Acid rain help included in federal legislation

INDIAN LAKE - Rep. John M. McHugh has announced the Omnibus Appropriations legislation that passed the House of Representatives included funding for three acid rain monitoring programs that directly benefit New York State, particularly in areas such as the Adirondacks.

Congressman McHugh led the House effort to restore funding for acid rain programs, including fighting against proposed cuts. Two of the programs were in jeopardy after the original budget for Fiscal Year 2009 proposed to completely eliminate funding.

"This was an important victory in the continued fight against acid rain, which has historically had a severe and detrimental impact on large parts of the United States, particularly in New York. We need to continue to take action to understand and fight this problem, which these three acid rain programs do. I am extremely pleased that the House carefully considered the tremendous value these monitoring programs have, and chose to include funding in the Omnibus legislation that funds the rest of the federal budget for Fiscal Year 2009," said McHugh. "I will continue to fight to ensure that this critical funding is included when we begin to consider Fiscal Year 2010 appropriations over the coming months."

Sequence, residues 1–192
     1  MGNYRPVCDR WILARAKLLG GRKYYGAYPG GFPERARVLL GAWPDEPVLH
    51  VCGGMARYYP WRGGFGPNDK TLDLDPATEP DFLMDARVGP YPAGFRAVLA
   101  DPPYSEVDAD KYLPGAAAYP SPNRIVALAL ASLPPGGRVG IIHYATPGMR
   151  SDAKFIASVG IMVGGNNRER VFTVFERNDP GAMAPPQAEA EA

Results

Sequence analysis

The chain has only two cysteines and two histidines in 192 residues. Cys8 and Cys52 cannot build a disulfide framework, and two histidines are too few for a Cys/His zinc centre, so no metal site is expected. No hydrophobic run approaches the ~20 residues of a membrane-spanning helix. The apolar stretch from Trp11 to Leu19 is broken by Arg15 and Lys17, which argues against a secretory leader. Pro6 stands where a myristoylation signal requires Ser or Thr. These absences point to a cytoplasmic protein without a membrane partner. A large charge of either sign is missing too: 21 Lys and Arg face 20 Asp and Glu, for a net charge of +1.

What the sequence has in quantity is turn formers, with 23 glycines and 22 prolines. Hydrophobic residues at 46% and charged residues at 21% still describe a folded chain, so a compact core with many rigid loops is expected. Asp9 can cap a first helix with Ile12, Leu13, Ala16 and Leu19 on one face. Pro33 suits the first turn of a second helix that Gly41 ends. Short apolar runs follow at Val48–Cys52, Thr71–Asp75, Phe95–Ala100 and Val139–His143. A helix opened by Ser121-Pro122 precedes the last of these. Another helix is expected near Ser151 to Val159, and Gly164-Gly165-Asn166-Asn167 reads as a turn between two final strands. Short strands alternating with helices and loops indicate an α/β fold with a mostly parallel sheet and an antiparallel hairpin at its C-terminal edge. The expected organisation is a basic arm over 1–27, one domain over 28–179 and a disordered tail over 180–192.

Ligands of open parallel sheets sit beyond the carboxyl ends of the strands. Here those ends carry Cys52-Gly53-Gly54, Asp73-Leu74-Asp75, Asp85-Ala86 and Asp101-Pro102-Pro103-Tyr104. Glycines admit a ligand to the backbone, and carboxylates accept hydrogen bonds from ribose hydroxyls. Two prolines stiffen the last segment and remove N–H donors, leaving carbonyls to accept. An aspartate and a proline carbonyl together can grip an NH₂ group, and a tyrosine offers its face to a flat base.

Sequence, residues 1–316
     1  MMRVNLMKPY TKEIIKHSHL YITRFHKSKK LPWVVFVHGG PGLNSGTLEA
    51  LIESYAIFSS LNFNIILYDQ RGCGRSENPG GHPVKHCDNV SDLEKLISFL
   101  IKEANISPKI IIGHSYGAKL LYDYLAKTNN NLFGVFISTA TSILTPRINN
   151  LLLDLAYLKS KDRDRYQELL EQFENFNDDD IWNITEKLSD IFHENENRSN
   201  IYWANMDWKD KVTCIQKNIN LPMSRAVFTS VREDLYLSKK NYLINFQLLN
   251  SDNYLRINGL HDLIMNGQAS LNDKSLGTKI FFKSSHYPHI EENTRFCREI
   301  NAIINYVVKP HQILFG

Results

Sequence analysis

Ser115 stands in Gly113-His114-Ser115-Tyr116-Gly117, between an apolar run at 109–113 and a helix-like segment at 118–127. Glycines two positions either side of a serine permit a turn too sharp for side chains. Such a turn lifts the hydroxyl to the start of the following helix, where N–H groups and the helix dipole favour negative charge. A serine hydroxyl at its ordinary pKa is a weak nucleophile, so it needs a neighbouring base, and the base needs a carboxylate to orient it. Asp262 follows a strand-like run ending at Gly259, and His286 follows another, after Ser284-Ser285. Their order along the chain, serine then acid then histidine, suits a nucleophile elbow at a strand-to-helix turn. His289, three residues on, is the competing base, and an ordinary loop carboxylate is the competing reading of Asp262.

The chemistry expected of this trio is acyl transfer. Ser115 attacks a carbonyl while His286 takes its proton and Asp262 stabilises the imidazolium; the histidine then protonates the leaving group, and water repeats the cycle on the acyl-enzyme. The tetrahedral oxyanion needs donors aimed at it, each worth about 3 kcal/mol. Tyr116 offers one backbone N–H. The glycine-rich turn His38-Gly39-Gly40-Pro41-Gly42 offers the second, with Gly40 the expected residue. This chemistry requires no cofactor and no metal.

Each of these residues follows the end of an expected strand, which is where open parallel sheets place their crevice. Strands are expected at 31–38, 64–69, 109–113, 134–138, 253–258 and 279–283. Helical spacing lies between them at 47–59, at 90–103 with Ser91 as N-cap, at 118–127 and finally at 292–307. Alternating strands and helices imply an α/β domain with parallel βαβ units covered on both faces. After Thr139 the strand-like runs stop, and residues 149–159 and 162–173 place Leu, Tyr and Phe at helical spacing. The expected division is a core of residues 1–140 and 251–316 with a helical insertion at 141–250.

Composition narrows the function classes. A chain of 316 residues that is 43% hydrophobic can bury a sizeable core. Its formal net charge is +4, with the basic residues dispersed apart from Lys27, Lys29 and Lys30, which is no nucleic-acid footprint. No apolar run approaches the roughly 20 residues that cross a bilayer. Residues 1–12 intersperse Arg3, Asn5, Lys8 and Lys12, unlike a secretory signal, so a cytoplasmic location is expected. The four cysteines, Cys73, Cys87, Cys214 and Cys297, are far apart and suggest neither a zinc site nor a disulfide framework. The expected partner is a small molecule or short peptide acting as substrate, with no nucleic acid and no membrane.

"Once again, those who love the Adirondacks owe a debt of gratitude to Congressman John McHugh. For the second consecutive year, he has led the effort to defeat plans to cut the federal budget for acid rain research in the Adirondack Park," said Brian Houseal, executive director of the Adirondack Council, a not-for-profit environmental organization dedicated to protecting the park's ecological health and wild character. "Like he did in last year's budget debate, Congressman McHugh led a bipartisan effort to restore the funding in the House of Representatives. He was instrumental in keeping these vital, long-term research programs alive through the end of the Bush Administration. New Yorkers can now point to nearly three decades of uninterrupted scientific information on the impact of acid rain on the Adirondack Park's air, soil and water. This is the proof we have needed to compel the federal government to continue cutting air pollution. As EPA's recent progress report shows, those pollution cuts are producing real results. These monitoring programs are measuring those results."

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